It specifically criticized the management of the Department. I requested that the Department of Justice Inspector General to provide transcripts of specific portions of interviews between Mr. Perez and the inspector general. We were provided with significantly redacted portions of those transcripts – so significant that I have asked for more clarification. I understand that elections have consequences and presidents are entitled to be able to have cabinet members nominated and considered by the Senate within reasonable period of time. However, the Senate has a duty of advice and consent and we would not be fulfilling our constitutional duties if we rushed to vote on Mr. Perez.

The president knew when he appointed Mr. Perez that Congress was investigating his involvement into brokering the quid pro quo deal in St. Paul, Minnesota.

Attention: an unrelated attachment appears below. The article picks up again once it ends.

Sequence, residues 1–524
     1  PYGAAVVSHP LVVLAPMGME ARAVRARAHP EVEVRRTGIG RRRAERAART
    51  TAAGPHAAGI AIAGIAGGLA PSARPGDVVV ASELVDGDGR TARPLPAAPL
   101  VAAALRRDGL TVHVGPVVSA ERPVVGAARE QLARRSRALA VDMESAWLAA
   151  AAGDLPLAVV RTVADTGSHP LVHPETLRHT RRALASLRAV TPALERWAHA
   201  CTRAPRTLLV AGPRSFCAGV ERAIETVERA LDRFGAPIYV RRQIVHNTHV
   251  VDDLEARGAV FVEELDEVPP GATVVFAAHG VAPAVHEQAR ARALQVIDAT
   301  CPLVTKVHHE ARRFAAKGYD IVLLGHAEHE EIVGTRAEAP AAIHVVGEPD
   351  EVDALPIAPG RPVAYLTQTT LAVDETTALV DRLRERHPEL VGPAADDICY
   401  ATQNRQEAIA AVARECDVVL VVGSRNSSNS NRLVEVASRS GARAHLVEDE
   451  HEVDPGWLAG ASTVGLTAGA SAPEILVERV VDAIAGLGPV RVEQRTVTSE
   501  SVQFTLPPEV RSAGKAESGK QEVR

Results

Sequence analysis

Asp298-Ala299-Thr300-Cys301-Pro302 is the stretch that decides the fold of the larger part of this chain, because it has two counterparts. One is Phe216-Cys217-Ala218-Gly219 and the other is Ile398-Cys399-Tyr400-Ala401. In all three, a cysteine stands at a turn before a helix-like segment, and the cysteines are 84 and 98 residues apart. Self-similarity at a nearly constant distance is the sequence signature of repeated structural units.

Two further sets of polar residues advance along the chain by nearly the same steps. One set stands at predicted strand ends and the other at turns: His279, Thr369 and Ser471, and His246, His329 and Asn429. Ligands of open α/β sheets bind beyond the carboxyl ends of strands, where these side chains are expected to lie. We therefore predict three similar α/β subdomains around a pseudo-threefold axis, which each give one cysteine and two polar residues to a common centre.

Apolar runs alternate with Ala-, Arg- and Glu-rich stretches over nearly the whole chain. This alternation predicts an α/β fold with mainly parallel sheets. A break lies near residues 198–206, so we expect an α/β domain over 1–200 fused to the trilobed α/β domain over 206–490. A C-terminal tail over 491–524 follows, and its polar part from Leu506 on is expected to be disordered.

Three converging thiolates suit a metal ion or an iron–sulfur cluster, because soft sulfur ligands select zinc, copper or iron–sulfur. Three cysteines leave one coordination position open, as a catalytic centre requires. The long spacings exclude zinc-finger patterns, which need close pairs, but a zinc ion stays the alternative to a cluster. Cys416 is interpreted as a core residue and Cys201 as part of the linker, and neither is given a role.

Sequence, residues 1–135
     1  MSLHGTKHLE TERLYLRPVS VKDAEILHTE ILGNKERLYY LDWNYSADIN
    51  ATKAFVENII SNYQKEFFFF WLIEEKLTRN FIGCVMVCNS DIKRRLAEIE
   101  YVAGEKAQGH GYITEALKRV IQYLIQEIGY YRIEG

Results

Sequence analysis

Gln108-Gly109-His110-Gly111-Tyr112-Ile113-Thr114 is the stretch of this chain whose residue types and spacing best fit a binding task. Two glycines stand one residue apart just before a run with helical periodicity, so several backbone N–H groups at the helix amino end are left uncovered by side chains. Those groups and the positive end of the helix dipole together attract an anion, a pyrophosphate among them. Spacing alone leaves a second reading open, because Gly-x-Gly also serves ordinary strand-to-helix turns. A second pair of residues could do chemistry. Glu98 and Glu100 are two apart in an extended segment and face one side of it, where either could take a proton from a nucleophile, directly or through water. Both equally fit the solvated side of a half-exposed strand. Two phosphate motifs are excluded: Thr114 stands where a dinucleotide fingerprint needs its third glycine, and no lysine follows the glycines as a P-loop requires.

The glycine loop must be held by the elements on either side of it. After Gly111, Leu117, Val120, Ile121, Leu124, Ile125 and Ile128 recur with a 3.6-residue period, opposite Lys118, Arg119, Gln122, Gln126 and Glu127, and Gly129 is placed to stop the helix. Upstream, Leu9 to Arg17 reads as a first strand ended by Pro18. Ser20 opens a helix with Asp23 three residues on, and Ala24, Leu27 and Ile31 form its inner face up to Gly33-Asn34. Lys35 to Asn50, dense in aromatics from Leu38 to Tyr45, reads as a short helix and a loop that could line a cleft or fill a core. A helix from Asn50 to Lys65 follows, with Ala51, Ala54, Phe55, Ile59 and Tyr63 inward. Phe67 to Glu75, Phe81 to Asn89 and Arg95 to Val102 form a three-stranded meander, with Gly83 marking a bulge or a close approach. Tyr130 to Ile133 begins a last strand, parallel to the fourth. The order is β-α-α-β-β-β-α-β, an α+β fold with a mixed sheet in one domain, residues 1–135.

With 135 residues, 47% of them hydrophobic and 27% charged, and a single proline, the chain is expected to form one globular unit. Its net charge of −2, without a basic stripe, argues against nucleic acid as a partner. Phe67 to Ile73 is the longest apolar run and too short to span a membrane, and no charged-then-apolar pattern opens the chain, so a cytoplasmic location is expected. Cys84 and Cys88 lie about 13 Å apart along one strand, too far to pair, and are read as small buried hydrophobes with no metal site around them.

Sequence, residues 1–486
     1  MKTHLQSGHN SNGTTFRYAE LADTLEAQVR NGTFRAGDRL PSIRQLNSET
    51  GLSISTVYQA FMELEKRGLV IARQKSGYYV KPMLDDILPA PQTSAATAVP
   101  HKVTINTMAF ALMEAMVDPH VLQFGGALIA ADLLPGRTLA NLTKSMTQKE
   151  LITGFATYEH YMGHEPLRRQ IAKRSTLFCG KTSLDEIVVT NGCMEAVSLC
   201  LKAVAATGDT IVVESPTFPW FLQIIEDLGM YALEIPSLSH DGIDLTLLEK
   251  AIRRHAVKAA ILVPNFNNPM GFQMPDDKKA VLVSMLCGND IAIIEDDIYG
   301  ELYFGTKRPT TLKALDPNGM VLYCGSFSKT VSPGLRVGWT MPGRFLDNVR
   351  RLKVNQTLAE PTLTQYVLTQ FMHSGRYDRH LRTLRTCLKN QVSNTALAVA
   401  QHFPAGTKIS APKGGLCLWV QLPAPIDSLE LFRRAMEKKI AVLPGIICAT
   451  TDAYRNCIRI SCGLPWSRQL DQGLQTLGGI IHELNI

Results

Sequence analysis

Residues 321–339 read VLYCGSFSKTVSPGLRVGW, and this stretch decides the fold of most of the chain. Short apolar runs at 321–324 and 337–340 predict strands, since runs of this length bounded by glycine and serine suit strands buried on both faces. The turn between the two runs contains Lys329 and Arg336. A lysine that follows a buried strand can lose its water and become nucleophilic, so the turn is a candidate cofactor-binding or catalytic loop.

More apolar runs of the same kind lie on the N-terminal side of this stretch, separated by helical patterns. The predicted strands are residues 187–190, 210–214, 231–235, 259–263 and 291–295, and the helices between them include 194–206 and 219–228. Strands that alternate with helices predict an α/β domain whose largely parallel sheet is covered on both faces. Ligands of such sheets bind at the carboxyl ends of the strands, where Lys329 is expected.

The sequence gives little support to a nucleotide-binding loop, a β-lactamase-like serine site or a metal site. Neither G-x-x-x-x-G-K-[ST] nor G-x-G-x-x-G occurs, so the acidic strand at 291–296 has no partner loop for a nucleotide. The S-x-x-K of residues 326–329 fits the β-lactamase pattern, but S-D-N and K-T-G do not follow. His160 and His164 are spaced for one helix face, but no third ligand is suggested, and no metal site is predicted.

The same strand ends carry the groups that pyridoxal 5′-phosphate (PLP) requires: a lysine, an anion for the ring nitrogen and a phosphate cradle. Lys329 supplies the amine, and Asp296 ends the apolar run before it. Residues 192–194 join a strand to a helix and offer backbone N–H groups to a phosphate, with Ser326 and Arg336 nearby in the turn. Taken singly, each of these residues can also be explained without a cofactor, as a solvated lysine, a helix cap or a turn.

One other thing, in terms of whether there has been delay, I would include in the record if I may, Mr. Chairman, an article from the Washington Post on March 18 that said the Senate is moving more rapidly on the second-term nominees in confirmation than it did in the last three presidents. According to the Congressional Research Service, it took an average of 55 days for Bush’s second-term nominees, 68 days for Clinton, 58 days for Reagan. Mr. Perez has been before the Senate for 60 days since the announcement.

That seems to me a reasonable time to ask that we consider the information that we have asked for.

If I were to apply a personal standard, a very-well qualified governor who was nominated for U.S. Secretary of Education 21 years ago and it took 87 days for this committee and the Senate to consider his impressive qualifications to be Secretary of Education, and, in light of what we do and all that we don’t know yet, I believe it is premature to report Mr. Perez nomination, and for that reason, I will be voting no. Thank you, Mr. Chairman.